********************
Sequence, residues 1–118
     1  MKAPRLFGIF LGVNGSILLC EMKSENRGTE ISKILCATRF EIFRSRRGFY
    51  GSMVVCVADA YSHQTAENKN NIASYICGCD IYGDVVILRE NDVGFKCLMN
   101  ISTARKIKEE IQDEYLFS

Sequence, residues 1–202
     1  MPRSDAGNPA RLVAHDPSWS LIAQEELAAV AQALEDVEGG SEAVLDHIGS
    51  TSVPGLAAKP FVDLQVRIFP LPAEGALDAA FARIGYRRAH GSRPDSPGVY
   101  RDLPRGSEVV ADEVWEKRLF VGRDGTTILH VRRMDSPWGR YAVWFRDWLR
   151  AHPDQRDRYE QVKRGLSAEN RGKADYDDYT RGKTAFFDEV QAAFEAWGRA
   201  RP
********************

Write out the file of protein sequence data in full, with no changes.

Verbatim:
Sequence, residues 1–118
     1  MKAPRLFGIF LGVNGSILLC EMKSENRGTE ISKILCATRF EIFRSRRGFY
    51  GSMVVCVADA YSHQTAENKN NIASYICGCD IYGDVVILRE NDVGFKCLMN
   101  ISTARKIKEE IQDEYLFS

Sequence, residues 1–202
     1  MPRSDAGNPA RLVAHDPSWS LIAQEELAAV AQALEDVEGG SEAVLDHIGS
    51  TSVPGLAAKP FVDLQVRIFP LPAEGALDAA FARIGYRRAH GSRPDSPGVY
   101  RDLPRGSEVV ADEVWEKRLF VGRDGTTILH VRRMDSPWGR YAVWFRDWLR
   151  AHPDQRDRYE QVKRGLSAEN RGKADYDDYT RGKTAFFDEV QAAFEAWGRA
   201  RP